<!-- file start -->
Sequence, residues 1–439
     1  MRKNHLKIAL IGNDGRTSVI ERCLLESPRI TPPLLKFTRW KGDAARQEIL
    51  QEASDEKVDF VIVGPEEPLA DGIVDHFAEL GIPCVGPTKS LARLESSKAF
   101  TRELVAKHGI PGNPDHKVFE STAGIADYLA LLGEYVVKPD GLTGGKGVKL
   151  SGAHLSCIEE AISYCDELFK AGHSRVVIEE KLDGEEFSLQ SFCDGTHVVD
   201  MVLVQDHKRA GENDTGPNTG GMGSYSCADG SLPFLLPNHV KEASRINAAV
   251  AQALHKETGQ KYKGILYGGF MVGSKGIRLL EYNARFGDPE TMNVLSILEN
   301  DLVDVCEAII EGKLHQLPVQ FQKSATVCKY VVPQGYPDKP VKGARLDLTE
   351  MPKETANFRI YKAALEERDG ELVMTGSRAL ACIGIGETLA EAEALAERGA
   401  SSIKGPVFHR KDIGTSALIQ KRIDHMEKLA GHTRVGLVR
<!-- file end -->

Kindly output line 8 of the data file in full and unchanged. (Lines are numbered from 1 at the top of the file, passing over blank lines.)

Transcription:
   301  DLVDVCEAII EGKLHQLPVQ FQKSATVCKY VVPQGYPDKP VKGARLDLTE